I’m just wondering if there isn’t some role for good and holy women within our communities who visibly do God’s work, but Catholic and without the olive oil? I do wonder if some would be happy to ditch the sacramental aspects of their ministry and join us if they could keep the rest of their role within the community....

Sunday, 21 March 2010

Psalm 125

Today's Gospel about the woman caught in adultery is awesome. However, I'm still not quite sure what the writing in the dirt is all about, Father tried to explain but I did not find it convincing, he said something about it being a common response of Mediterranean peasants when they felt felt their security and livelihood were about to be taken away from them.

Today it was the psalm that caught me unawares and has provided a rich seam of meditation throughout the day:

They that sow in tears shall reap in joy.

Some have suggested that this is a grim time to be a Catholic. I have to say I disagree. The Church has done some very necessary spring cleaning and is proving to be no place where the deceitful, the manipulative and the abusive can hide. This is involving the Church bringing herself to her knees. This is painful but it is the pain of mortification and growing self-awareness, it will bare fruit.

We ARE being asked for tears of repentance and contrition BUT we are also being asked to sow, because there will be a harvest. Never has there been a better time to sow. A good hard winter and a late spring clear the ground of nasty bugs, life is pent up and waiting to spring into action, no matter how bleak and drab things may look.

The Holy Father's Letter to the Irish Faithful stresses the need for us all to do penance and to go back to the basics of our faith with renewed vigour, never was that psalm more appropriate.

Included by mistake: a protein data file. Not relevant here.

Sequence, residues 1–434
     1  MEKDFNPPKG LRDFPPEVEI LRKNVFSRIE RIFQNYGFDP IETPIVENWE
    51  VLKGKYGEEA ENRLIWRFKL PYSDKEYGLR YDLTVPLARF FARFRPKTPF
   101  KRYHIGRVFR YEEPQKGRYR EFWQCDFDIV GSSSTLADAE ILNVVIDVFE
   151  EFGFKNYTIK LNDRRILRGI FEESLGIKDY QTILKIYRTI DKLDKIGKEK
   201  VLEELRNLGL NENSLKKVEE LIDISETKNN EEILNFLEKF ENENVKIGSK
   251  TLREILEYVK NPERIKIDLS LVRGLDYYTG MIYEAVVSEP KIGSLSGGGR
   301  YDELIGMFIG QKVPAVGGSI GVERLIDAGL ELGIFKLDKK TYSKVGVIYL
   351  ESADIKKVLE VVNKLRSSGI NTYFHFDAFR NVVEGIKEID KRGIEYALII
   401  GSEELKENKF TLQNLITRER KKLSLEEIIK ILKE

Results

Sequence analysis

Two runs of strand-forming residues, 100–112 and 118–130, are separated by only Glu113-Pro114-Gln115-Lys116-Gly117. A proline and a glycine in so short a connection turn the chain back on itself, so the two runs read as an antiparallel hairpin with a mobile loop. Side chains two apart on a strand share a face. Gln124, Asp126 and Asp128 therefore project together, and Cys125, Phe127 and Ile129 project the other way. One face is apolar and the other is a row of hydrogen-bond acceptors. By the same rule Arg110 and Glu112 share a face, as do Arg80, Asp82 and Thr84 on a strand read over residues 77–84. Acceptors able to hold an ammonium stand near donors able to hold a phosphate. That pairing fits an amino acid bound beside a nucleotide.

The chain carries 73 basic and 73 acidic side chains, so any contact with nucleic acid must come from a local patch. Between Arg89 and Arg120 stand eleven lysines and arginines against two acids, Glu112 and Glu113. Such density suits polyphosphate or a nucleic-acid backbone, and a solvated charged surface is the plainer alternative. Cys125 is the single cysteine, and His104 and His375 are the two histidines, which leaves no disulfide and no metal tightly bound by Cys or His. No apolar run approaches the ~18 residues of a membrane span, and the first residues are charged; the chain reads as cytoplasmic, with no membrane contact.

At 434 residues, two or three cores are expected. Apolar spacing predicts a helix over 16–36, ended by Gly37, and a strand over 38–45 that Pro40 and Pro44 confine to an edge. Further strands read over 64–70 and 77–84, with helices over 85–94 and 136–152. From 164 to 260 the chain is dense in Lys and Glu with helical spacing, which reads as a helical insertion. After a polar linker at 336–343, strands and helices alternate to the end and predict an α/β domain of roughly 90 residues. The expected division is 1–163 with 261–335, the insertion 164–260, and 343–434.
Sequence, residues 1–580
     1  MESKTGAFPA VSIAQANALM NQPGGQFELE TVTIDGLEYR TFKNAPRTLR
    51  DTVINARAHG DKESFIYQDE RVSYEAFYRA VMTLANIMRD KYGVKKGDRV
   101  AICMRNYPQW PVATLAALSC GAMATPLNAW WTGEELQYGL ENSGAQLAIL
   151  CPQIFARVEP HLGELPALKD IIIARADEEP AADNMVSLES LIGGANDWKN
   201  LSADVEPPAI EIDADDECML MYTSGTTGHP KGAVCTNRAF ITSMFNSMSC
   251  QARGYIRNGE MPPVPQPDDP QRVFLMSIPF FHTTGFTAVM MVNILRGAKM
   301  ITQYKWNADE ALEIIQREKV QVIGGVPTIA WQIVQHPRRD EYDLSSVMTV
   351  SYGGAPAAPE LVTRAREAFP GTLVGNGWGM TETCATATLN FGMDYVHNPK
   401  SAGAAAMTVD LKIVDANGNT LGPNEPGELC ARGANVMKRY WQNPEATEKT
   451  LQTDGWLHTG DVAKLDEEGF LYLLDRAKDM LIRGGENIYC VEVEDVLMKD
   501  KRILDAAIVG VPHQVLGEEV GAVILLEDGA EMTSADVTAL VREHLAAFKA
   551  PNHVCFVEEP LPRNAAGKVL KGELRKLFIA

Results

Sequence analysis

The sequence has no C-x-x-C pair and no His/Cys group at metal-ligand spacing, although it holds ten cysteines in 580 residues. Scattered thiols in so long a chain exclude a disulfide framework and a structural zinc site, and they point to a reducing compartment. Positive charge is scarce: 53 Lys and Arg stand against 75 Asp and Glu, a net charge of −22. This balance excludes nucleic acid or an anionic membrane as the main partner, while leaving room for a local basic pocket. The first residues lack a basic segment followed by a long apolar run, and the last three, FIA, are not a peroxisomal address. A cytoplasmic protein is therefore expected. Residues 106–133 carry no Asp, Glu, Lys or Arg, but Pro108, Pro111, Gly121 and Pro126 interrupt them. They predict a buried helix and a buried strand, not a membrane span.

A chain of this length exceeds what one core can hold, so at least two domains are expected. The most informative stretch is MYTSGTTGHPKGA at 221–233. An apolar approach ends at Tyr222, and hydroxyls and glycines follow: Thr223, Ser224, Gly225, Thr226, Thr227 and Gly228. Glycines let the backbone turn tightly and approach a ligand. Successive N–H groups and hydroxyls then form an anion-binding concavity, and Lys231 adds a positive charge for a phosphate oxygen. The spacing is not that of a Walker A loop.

Now, about that sowing:

The Pope speaks to the young in Ireland and in effect speaks to the young everywhere. Those of us who are not so young, must allow the idealism and enthusiasm of the young to germinate and set examples with solid faith well lived.

I'm reminded of St Aloysius. High born but from a very early age dedicating himself to the service of the Lord. Was he brought up in some secluded, sheltered and holy place far from any of the temptations of the world. He was not. Did he never hear swearing and lewd talk or see lewd behaviour? He was not so lucky. Was he able to devote himself ceaselessly to high and holy things? Probably not. The Oxford Oratory has a very interesting relic of his, a letter of St Aloysius, writing to one of his father's creditors trying to come to some agreement over the repayment of a loan. This is not overtly romantic, it is very human and very contemporary.

St Aloysius is like our young. They must desire to take on the Lord's work for themselves. We can not protect our youth from the world. We must however guide them to find the spiritual armour that St Paul talks about in his letter to the Ephesians that make our toil, tears, the sweat and pain bare fruit.

Therefore take unto you the armour of God, that you may be able to resist in the evil day, and to stand in all things perfect.

Stand therefore, having your loins girt about with truth, and having on the breastplate of justice,

And on your feet shod with the gospel of peace:

In all things taking the shield of faith, wherewith you may be able to extinguish all the fiery darts of the most wicked one.

This is a real time for optimism.

Then again it is easy for me to say that. My doctor's are very worried about me, apparently I am very ill (I certainly feel it), but they are not quite sure what with. It is obscure and is involving professors and experts scratching their heads. Husband is still ill, and awaiting treatment, the delay is callous. I'm all out of strength, completely KO'd and not a natural optimist but God is with me and the light and hope are blinding.